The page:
Eat & drink

Most travelers along the African Ivory Route cater for themselves in camp, though there is the option at certain camps to order meals from local caterers; we had the delicious pleasure of Suzan Mhangwana’s food and service at Mtomeni Camp. Healthy home cooking and generous helpings.

But then there are the places in-between – the roadside stalls, spaza shops, and local homes and community centres where traditional fare is on offer. As well as the local fruit markets when, in season, pyramids of colour invite. Sampling it all is part of the AIR adventure.

So here, alphabetically, are some of the tastes you may encounter along your AIR journey…

Baleni Salt – buy some of this coarse, traditionally harvested salt to take home ex-Baleni Camp, direct from the harvesters; it’s being used by top chefs around the world.

Chakalaka – this condiment, similar to mild atchar, combines onions, tomatoes, chillis and usually beans for a slightly spicy accompaniment to meat and pap. Can usually be ordered when buying chicken dust roadside.

Chicken Dust – one of my favourite Limpopo experiences – picking up a few cartons of chicken (peri-peri or lemon or…), freshly grilled on the side of the road, hence the ‘dust’! Paired with plenty of mieliepap and chakalaka, it’s a feast.

Chicken Feet – have not brought myself to try these yet, but they are popular, generally seasoned and grilled and also sold on the side of the road, as well as served at traditional gatherings. I read somewhere that ‘chicken dust’ originally referred to chicken feet, scratching in the dust. But the ‘chicken dust’ we consumed, almost daily at lunchtime while on the road sightseeing, was a half or whole chicken butterflied and braaied. Feet were generally extra!

Flying Ants (Termites) – had these once in a market in Thohoyandou, capital of the former Venda homeland. Crunchy and bitter to this palate. Called majenje in Xitsonga, madzhulu in Tshivenda, and magoro in Sepedi.

Fried Dough – called magwinya in Venda, where highly popular and available, these treats resemble giant donut holes, perfect for morning or afternoon tea. Sold outside shops, usually, and best warm of course. Also similar to vetkoek, another fried dough delectable, literally ‘fat cake’ in Afrikaans.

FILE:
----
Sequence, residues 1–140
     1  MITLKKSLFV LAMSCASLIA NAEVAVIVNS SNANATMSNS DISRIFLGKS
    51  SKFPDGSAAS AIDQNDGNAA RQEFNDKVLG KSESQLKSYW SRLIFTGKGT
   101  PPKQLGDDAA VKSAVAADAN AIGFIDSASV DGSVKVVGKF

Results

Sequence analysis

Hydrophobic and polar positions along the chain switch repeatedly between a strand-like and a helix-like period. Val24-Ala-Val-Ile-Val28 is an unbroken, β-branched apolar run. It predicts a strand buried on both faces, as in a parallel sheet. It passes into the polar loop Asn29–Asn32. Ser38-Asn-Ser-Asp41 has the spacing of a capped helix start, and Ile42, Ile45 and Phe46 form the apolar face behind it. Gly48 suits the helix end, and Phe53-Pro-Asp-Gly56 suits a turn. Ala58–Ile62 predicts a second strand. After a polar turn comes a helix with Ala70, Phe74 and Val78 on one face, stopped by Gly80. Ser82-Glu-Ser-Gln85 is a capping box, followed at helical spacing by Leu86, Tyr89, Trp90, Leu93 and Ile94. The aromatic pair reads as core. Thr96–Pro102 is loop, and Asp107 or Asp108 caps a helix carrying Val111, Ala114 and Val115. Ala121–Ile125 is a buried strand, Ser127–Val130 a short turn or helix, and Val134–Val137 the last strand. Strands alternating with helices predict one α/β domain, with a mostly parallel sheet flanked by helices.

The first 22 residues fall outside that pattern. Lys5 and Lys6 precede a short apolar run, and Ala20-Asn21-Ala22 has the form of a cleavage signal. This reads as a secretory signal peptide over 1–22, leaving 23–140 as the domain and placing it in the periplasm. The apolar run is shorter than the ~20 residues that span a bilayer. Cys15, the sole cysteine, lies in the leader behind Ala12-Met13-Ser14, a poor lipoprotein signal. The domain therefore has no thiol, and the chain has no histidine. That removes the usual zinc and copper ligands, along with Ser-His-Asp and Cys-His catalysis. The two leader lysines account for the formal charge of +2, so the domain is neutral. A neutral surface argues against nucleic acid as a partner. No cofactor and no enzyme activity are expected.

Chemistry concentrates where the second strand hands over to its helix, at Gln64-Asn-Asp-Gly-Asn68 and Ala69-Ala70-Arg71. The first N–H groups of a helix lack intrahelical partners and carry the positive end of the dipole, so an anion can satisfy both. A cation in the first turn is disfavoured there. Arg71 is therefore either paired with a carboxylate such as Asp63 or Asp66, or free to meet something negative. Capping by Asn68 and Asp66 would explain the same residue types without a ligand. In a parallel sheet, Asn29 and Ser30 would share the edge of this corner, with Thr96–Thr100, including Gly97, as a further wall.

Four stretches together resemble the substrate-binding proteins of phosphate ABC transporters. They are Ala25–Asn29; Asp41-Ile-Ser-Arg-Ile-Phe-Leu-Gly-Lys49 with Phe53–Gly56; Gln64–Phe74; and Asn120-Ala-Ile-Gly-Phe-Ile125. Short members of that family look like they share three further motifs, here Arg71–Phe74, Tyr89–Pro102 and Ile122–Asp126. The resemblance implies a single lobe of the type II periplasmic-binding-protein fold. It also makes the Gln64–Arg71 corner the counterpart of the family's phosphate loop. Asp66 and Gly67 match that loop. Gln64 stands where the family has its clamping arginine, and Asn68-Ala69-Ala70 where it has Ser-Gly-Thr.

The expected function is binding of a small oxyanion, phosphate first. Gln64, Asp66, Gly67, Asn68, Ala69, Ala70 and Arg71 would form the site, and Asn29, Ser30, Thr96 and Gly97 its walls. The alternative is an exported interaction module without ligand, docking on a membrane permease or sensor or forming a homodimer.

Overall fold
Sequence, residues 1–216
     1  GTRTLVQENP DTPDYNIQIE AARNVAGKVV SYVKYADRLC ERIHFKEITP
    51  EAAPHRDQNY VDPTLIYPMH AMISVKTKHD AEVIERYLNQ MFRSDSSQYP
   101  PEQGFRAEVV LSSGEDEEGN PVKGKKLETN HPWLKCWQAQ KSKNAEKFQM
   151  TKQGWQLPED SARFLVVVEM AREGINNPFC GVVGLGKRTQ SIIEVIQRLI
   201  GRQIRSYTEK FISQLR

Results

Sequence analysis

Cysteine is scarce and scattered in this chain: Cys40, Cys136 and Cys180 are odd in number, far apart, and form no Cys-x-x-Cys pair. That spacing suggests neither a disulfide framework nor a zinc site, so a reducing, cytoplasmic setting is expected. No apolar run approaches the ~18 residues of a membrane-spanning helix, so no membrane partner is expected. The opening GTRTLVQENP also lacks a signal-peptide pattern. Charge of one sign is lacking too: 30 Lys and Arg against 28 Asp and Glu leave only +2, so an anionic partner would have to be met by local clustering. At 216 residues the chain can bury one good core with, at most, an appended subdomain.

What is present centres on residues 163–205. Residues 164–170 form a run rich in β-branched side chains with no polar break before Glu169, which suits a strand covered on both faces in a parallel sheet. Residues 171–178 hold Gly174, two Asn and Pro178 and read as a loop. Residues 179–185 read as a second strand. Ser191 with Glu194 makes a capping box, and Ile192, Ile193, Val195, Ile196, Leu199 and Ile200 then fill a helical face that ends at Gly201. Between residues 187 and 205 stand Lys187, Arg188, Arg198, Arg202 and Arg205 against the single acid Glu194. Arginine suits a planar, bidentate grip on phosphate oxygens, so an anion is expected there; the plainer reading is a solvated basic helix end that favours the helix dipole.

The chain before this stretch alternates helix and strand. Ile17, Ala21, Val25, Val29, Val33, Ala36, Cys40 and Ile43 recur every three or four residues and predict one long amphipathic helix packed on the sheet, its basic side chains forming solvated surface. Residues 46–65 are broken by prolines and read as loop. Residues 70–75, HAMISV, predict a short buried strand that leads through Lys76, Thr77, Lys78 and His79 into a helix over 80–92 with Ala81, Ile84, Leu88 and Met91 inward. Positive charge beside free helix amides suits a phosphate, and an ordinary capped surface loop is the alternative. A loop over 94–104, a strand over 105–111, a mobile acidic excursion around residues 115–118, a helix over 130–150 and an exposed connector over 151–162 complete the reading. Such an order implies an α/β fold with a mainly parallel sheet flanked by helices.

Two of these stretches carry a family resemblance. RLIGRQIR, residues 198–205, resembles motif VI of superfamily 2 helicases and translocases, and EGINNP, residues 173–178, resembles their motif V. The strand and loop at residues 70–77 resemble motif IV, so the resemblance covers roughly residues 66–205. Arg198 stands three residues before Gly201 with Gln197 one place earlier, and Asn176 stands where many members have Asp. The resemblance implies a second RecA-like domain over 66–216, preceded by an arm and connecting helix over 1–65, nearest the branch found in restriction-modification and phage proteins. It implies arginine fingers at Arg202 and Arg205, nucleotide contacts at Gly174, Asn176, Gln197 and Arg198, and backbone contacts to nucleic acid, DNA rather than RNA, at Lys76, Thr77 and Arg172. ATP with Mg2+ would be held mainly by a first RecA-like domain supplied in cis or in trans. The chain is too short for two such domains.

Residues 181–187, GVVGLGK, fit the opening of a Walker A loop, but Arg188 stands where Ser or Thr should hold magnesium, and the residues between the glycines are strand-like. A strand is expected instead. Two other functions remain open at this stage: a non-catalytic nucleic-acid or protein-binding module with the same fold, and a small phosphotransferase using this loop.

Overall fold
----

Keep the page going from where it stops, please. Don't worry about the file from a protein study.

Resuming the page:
Fruits and Nuts – Limpopo is a Garden of Eden, and yields luscious fruits through the year, among them mangoes, bananas, avocados, paw-paws, guavas, peaches and litchis. The Tshakhuma market, 17 km west of Thohoyandou on the R524 road to Makhado/Louis Trichardt, is a great place to stock up seasonally. The area is also renowned for its macadamia nuts; visit the Royal Macadamia factory and shop near Makhado.

Leafy Greens – any one of 150 greens, such as pumpkin or wild spinach, often gathered by the side of the road; usually steamed or cooked with onions and tomatoes. Called morogo by the Pedi, and muroho by the Venda and Tsonga people.

Mahewu – is the most common name for this non-alcoholic beverage, made from fermented maize flour, sometimes with sorghum and/or wheat flour and sugar added; often served at traditional ceremonies, home-brewed, and available in cartons at most spaza shops. Called madleke in Xitsonga, mabundu in Tshivenda, and mapoto in Sepedi.

Mieliepap –  the name is Afrikaans, but this cooked ground maize – its consistency depending on whether it’s a breakfast porridge or a more substantial accompaniment later in the day – is a dietary staple for most South Africans. Pap is on the menu in Limpopo nearly 24/7. It takes a little practice to finesse pinching off a piece, molding it with your thumb so it becomes spoonlike, and scooping stew, cooked greens or chakalaka without making a complete mess. Comes in a variety of types depending on the maize.

Mopani Worms – considered a delicacy throughout Limpopo, the worms (caterpillars, actually) are harvested from mopani trees and dried, fried or stewed in sauce, usually made from tomatoes and onions. You can buy them at most outdoor markets in the province. Better than flying ants, in my humble opinion. The Tsonga people call them matomani; the Venda, mashonzha; and the Pedi, mashotsa.

Traditional Beer – called mahafhe in Tshivenda, umqombothi in Xitsonga and other languages, and bjala ba Sesotho in Sepedi, this homemade brew, made from maize or marula fruit, is potent, and usually served ‘room temperature’ at traditional ceremonies. Look out for a white flag or a yellow bucket dangling from a tall pole outside local homesteads – it means freshly brewed beer is for sale.

Xigugu – pronounced ‘she-goo-goo’ in Xitsonga, a Tsonga-Shangaan dish made from roasted and ground maize kernels and roasted and ground peanuts, mixed with salt and sugar. Like a very hefty peanut butter. Called sekoko in Sepedi and tshugume in Tshivenda.